Once upon a time, way back in the stone ages, when Noam Chomsky was first writing about these propaganda techniques in Manufacturing Consent, our leaders felt the need to conceal – or at least sugar-coat – these Orwellian principles. It was assumed that the American people genuinely needed to feel like they were on the right side of things, and so the foreign powers we clashed with were always depicted as being the instigators and aggressors, while our role in provoking those responses was always disguised or at least played down.
But now the public openly embraces circular thinking like, “Any country that squawks when we threaten to bomb it is a threat that needs to be wiped out.” Maybe I’m mistaken, but I have to believe that there was a time when ideas like that sounded weird to the American ear. Now they seem to make sense to almost everyone here at home, and that to me is just as a scary as Ahmadinejad.
I dissent, therefore, from this legalization of racism. Racial discrimination in any form and in any degree has no justifiable part whatever in our democratic way of life. It is unattractive in any setting, but it is utterly revolting among a free people who have embraced the principles set forth in the Constitution of the United States. All residents of this nation are kin in some way by blood or culture to a foreign land. Yet they are primarily and necessarily a part of the new and distinct civilization of the United States. They must, accordingly, be treated at all times as the heirs of the American experiment, and as entitled to all the rights and freedoms guaranteed by the Constitution.
Justice Frank Murphy in his dissent of Korematsu v. United States, the Supreme Court decision that said it was constitutional for the government to send citizens of Japanese ancestry to internment camps during WWII.
The Prize Doesn’t Always Go To The Most Deserving
A 98 year-old German woman named Irena Sendler recently died. During WWII, Irena worked in the Warsaw Ghetto as a plumbing/sewer specialist. Irena smuggled Jewish children out; infants in the bottom of the tool box she carried and older children in a burlap sack she carried in the back of her truck. She also had a dog in the back that she trained to bark when the Nazi soldiers let her in and out of the ghetto. The soldiers wanted nothing to do with the dog, and the barking covered the kids’ and infants’ noises. Irena managed to smuggle out and save 2500 children. She eventually was caught, and the Nazis broke both her legs, arms and beat her severely. Irena kept a record of the names of all the kids she smuggled out and kept them in a glass jar buried under a tree in her backyard. After the war, she tried to locate any parents that may have survived and reunited some of the families. Most had been killed. She helped those children get placement into foster family homes or adopted.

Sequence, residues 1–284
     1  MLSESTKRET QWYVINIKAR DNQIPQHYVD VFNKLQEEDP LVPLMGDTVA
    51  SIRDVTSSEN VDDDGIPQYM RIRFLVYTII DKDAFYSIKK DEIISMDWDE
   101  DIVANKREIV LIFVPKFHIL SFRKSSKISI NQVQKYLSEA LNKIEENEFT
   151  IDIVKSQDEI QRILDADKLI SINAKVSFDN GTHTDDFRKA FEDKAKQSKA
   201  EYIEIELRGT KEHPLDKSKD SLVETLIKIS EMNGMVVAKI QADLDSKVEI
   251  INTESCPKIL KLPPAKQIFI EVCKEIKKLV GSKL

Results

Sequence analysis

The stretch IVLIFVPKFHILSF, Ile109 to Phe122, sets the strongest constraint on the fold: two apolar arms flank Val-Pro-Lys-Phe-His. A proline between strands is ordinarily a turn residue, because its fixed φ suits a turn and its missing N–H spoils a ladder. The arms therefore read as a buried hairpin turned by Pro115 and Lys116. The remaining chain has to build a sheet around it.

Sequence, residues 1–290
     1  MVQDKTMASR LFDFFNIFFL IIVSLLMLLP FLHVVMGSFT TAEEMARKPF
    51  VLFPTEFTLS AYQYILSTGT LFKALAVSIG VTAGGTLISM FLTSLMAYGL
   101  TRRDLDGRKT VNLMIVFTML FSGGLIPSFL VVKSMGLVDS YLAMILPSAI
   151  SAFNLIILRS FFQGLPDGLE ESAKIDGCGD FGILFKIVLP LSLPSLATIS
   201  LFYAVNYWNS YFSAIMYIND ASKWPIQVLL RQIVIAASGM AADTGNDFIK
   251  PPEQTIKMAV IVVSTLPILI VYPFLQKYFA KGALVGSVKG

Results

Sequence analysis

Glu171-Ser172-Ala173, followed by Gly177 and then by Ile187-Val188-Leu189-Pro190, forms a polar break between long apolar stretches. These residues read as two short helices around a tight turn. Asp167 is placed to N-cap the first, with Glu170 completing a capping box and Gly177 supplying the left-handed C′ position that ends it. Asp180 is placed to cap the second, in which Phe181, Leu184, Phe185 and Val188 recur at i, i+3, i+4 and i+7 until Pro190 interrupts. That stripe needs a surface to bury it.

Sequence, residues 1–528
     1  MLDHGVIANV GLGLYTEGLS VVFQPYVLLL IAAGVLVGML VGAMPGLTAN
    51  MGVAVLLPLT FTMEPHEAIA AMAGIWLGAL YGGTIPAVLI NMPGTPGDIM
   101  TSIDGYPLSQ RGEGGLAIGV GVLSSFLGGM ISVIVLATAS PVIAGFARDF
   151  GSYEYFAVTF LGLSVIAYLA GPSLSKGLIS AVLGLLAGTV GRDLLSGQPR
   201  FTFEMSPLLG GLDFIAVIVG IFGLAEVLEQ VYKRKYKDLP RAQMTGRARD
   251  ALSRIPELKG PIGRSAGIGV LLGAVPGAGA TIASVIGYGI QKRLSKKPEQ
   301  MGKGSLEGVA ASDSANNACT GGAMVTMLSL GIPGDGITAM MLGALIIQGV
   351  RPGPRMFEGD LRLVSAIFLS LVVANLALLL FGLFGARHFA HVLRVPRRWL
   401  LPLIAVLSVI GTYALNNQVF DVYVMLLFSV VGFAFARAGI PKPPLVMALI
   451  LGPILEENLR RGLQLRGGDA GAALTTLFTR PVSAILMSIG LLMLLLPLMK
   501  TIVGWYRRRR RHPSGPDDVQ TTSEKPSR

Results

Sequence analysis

Last year Irena was up for the Nobel Peace Prize. She was not selected. Al Gore won - for a slide show on Global Warming.
I’ve reblogged this story a million times.
Read. Just. Please, read.
The Nobel Peace Prize has lost a lot of credibility in the recent years. It’s like “Which famous person can we get to Norway this year? Al Goore? OBAMA?!”
What an amazing woman.
[After reporting on a planned stoning of a woman for adultery] Note to Iran: We’re trying to stop our neo-cons here from bombing you into the stone ages. Proving you’re already there doesn’t really help your cause.
Cenk Uygur, guest hosting on The Dylan Ratigan Show
If you don’t just boo-hoo, you have no heart. Still in tears.
From the Youtube page:
While visiting the American cemetary in Normandy, a French gentleman and his friends came upon Amos, and when he realized that Amos was a WW2 veteran who fought in Normandy, the French gentleman gave Amos a letter. My brother Joe read the letter to us and as we all listened, we all cried. You can see the thankfulness in the French gentleman, as he holds Amos’s hand and thanks him as he leaves…